In other words, the big 8 is a classic 2+2 coupé, really designed to whisk two occupants plus luggage across vast distances with effortless, kilometre-gobbling ease. It fits the GT car bill, but it can also play the hardcore sports car part with mind-boggling conviction.

Bains Kloof is not usually the ideal playground for a big and heavy two-door machine. But the M850i tackles the treacherous turns and sudden hairpins, the blind corners and chassis-twisting camber changes, with regal aplomb.

The steering is a revelation, allowing the coupé to be plunged deep into a corner before severely testing the bite of the big disc brakes, turning in with a vengeance, and powering out hard and fast.

There’s no lean, no yaw, no protest: the M850i feels poised and razor sharp, attacking each corner and radius with the voraciousness of something a lot smaller and nimbler.

Yes, there’s the occasional squeal of tortured rubber as the rear briefly harks the call of gravity, but the experience is remarkably controllable – and entertaining.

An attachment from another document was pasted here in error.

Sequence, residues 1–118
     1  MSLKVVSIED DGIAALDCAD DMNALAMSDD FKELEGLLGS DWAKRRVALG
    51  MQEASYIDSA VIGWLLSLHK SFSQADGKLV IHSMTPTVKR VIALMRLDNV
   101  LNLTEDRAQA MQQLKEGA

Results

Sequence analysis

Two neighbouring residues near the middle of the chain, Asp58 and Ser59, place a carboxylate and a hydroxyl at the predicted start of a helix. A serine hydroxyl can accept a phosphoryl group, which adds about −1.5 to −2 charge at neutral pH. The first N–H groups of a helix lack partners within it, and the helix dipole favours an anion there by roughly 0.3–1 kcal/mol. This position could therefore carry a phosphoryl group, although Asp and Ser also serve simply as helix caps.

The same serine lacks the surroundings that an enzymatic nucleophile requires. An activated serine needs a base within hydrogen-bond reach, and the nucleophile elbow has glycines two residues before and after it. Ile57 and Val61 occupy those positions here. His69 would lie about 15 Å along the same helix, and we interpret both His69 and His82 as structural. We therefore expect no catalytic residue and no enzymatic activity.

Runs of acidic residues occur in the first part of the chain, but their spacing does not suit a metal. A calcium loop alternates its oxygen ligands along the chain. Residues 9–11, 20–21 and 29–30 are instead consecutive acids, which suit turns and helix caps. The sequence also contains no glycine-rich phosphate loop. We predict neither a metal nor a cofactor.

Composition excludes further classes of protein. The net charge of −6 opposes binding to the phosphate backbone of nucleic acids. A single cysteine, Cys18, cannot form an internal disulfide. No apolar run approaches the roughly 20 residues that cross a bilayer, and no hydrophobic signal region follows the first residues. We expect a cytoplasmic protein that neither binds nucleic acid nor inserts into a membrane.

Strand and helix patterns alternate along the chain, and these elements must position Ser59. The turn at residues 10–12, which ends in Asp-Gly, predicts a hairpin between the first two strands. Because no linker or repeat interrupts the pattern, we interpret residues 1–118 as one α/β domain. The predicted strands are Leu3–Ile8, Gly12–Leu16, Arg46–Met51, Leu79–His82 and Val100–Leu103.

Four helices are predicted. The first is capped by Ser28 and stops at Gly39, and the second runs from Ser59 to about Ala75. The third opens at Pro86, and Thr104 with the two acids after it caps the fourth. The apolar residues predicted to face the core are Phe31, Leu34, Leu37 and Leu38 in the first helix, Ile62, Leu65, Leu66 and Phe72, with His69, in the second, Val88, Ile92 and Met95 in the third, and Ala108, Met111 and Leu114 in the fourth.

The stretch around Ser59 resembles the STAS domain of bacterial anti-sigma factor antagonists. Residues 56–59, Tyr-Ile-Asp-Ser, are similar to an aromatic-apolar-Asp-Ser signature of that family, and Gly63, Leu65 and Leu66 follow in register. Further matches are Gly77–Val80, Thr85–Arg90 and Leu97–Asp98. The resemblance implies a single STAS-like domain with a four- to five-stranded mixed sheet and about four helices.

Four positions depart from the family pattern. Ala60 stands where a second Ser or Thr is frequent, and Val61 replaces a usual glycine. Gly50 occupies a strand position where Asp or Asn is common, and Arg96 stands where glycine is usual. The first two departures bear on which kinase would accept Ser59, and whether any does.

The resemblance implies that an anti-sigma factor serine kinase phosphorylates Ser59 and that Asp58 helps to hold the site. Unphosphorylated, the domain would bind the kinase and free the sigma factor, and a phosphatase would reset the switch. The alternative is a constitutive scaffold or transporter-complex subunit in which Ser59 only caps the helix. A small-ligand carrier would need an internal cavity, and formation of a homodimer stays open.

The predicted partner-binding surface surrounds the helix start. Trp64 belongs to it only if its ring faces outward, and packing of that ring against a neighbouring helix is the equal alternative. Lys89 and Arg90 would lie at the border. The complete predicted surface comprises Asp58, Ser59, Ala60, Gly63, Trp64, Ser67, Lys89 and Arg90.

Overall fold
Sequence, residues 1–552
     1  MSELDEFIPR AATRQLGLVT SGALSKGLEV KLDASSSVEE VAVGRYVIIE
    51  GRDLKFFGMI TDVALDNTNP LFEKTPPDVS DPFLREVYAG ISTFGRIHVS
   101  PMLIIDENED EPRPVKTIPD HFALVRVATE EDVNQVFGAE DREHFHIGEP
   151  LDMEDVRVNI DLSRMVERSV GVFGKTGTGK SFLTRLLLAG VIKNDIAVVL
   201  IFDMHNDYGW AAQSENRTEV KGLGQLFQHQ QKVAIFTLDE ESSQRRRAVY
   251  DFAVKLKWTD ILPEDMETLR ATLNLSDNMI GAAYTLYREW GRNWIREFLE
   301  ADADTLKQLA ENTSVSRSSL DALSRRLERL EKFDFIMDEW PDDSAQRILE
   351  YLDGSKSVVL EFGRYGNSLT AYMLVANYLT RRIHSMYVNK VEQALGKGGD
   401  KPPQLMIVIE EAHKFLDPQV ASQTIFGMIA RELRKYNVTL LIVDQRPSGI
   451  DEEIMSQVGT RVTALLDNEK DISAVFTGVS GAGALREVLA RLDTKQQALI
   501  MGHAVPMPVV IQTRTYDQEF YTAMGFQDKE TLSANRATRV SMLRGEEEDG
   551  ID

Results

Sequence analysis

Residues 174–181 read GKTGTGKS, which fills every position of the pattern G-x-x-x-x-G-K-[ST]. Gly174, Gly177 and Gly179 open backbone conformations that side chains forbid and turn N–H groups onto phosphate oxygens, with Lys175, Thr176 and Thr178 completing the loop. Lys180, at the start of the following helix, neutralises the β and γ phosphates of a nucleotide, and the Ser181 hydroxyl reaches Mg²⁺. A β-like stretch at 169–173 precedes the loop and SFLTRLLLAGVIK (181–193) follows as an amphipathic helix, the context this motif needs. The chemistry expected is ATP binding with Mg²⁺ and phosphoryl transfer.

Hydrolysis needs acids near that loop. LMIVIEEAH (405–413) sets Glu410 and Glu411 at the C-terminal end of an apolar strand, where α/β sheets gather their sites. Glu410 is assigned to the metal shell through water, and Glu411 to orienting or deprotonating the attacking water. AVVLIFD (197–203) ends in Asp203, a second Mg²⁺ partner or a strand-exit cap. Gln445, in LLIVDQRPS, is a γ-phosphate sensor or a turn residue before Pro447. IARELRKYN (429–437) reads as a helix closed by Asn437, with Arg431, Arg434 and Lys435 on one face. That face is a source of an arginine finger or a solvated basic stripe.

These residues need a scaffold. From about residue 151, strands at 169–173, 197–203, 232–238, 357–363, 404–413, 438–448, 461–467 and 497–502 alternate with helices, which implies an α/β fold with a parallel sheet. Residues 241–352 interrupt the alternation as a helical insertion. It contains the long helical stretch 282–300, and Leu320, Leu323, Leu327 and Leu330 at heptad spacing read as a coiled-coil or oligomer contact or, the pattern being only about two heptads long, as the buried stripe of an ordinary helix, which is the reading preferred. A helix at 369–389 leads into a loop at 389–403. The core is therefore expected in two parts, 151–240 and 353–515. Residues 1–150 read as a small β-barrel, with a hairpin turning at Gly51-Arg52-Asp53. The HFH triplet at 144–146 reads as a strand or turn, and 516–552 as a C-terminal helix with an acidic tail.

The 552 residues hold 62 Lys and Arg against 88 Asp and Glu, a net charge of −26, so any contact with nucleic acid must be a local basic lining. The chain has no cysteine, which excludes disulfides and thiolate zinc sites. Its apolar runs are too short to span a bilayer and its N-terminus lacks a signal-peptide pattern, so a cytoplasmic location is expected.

Give it a long stretch of open road, and the M850i will gobble up the kilometres with an appetite that’s vaguely unsettling. It’s very, very fast – and most of the time it understates that velocity, so that you’re always going quicker than you think …

Adaptive damping ensures a good mix of tautness and compliance, although the Eight feels sports car firm, even in Comfort mode – as it should.

Long-distance cruiser or fast-forward sports car: the M850i fulfils both roles with composed, enjoyable confidence. It’s like having two cars for the price of one, which goes some way to vindicating the not inconsiderable seven-digit asking price!

The M850i is also offered as a convertible, while an M8 derivative is also coming, together with a four-door M850i Gran Coupé, and a matching M8 Gran Coupé.

Frankly, the standard M850i is more than enough two-seater sports car than most people will ever need: expect the M8 models to be over the top …

As for the Z4 – well, the sDrive 20i marks a welcome return to the purist roadster formula for BMW. And while most will dismiss it in favour of the M40i, it might just be the pick of this new sports car bunch. DM


BMW Z4 sDrive 20i R759,442

BMW Z4 M40i R1,170,799

BMW M850i R1,887,827